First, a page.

When I’m not working with clients and blogging here, I am a photographer. As a photographer, I have always wanted my camera to be more of a consistent part of my life. I know some photographers that share their images all the time. They carry their cameras with them and capture life in beautiful ways. Though I do carry my camera with me often, I haven’t ever shared images that freely.
As I have wondered about this, I have realized that it’s mostly because I feel like they’re not good enough. I feel like a lot of my photos are boring. Sometimes they are fantastic, but many of them feel… ordinary.
There’s a cycle that comes into play here: the problem with not sharing more photos is that I then don’t take more photos (why take them if I never use them?). And by not taking more, I’m missing the chance to make a lot of beautiful images and the chance to continue to improve. I would be a better photographer today if I made more images. I’d be learning faster and stretching further.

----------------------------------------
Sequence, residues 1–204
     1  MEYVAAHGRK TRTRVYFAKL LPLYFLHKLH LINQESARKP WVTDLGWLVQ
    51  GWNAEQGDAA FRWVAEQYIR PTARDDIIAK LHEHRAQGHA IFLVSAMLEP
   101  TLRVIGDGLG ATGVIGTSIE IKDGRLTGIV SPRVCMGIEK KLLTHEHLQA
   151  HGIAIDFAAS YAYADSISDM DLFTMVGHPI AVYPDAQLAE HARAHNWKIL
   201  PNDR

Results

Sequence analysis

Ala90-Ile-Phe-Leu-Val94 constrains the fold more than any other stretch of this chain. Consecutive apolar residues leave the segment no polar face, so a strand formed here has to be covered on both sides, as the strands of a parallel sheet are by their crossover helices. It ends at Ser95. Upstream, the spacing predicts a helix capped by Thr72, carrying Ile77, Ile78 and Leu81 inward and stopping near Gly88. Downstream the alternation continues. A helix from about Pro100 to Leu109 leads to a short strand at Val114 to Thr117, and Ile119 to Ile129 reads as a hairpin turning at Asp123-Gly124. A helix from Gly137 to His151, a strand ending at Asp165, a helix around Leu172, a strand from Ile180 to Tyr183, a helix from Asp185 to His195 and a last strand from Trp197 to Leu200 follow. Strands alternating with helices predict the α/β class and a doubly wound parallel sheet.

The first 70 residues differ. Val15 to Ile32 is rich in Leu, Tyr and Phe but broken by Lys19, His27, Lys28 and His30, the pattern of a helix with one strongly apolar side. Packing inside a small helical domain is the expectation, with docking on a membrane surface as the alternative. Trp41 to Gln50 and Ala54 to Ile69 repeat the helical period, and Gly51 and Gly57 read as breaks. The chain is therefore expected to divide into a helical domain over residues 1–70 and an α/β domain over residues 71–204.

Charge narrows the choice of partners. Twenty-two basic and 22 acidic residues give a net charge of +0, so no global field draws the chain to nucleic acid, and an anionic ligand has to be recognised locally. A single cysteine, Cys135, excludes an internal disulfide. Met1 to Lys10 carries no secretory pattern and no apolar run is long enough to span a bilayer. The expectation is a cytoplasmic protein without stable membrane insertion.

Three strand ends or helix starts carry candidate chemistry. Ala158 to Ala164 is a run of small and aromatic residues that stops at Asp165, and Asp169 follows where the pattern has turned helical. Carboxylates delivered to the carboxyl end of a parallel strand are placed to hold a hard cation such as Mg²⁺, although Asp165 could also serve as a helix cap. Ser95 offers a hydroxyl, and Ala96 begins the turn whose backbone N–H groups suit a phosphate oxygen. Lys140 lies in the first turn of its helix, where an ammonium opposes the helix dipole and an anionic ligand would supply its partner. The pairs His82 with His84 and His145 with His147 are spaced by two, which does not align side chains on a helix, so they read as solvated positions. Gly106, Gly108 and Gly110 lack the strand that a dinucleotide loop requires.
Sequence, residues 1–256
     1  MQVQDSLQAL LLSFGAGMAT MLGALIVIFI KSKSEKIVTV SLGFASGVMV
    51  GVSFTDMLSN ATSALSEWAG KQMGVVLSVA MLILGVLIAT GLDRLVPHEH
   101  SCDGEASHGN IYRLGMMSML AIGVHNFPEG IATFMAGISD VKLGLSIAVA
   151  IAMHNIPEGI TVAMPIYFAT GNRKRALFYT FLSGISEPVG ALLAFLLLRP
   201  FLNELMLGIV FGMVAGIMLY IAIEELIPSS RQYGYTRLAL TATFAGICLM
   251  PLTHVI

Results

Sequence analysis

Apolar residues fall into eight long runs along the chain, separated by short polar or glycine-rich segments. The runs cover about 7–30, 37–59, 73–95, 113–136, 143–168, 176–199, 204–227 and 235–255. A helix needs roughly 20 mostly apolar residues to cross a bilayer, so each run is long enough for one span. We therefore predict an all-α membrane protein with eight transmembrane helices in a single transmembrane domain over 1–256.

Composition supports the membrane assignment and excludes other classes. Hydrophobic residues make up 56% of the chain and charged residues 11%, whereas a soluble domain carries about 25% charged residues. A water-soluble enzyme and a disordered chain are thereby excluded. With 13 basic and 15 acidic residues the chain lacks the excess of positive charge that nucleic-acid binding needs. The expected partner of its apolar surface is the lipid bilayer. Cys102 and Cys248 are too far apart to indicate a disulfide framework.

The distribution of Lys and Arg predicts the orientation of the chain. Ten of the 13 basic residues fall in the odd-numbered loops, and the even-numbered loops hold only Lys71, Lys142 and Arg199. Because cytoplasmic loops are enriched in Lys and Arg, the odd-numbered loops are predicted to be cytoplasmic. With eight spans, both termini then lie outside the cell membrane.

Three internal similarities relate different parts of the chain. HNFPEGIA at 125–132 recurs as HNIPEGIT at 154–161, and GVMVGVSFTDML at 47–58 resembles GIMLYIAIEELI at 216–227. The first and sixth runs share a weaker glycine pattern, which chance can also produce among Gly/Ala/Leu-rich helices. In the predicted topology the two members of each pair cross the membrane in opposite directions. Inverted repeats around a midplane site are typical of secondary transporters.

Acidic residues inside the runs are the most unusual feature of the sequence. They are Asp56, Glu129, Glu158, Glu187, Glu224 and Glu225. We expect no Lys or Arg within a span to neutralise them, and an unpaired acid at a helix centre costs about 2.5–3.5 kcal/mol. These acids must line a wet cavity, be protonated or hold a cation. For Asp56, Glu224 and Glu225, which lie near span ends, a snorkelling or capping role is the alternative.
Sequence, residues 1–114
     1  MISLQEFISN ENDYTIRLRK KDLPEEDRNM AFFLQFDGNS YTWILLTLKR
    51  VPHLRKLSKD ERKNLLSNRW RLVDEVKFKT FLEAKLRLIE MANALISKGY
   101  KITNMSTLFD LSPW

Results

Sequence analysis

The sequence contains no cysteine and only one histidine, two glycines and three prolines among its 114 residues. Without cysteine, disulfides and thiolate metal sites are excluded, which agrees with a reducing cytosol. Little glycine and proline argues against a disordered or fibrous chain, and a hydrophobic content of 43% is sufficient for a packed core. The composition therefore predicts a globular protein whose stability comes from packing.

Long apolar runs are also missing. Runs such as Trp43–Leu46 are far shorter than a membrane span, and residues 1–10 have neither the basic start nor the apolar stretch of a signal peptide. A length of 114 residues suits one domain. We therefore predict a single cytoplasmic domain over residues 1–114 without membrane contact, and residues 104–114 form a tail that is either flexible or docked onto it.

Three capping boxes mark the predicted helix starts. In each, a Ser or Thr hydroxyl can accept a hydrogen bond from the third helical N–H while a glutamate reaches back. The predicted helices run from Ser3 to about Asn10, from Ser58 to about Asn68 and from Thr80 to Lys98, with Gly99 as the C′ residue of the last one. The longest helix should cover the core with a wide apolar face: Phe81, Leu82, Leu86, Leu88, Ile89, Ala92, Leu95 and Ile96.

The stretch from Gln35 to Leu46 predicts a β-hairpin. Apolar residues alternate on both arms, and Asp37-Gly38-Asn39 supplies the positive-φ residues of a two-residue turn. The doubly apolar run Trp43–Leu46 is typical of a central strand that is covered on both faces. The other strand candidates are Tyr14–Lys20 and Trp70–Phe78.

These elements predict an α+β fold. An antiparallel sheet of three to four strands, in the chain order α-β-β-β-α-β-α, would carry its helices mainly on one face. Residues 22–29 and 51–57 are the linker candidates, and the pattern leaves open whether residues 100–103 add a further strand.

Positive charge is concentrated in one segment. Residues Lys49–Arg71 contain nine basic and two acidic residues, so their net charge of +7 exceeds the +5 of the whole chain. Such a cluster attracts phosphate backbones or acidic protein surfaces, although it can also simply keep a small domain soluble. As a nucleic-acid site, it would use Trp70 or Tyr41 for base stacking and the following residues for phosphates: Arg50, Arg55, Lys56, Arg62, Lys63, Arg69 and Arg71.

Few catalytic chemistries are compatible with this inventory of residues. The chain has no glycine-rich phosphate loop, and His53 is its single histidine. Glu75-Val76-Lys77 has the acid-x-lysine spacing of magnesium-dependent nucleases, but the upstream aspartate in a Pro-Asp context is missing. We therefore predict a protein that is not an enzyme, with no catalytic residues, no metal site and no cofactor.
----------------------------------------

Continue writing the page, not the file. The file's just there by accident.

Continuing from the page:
Though it feels different than other creative blocks, it has the same root: I feel like I don’t have anything to create that anyone would want to see. It feels like the things I make aren’t good enough to be worth your time and attention, so I don’t make them at all.
The fear of making bad photos is one thing, but the fear of making things that just aren’t good enough is even trickier. I know the things I make aren’t “bad”. If they were bad, then I could fix that (I’d learn more and practice until they’re “not bad”). Not “good enough” is more difficult to manage. There’s no clear plan of attack— mostly because the struggle is internal. My default response to this is much worse (and more sinister): I don’t bother creating.
I wonder how often the lie that what we have to do, say, make, or create is “not good enough” keeps us from taking action.
I wonder how often we value being really great over taking the risk to just try and see what happens.
You’ll never make amazing things unless you start by making SOMEthing.[Tweet that]
You may never have exactly the right tools, the right skills, the right words, but you always have the chance to create in spite of all of that.
So here’s to making because it matters. Here’s to quantity over quality. Here’s to doing your work in spite of the resistance that you feel.
In the comments, what has been your experience with feeling “not good enough”? How have you found ways around or through it? What are the better stories that you’ve learned to tell? Click here to add your voice.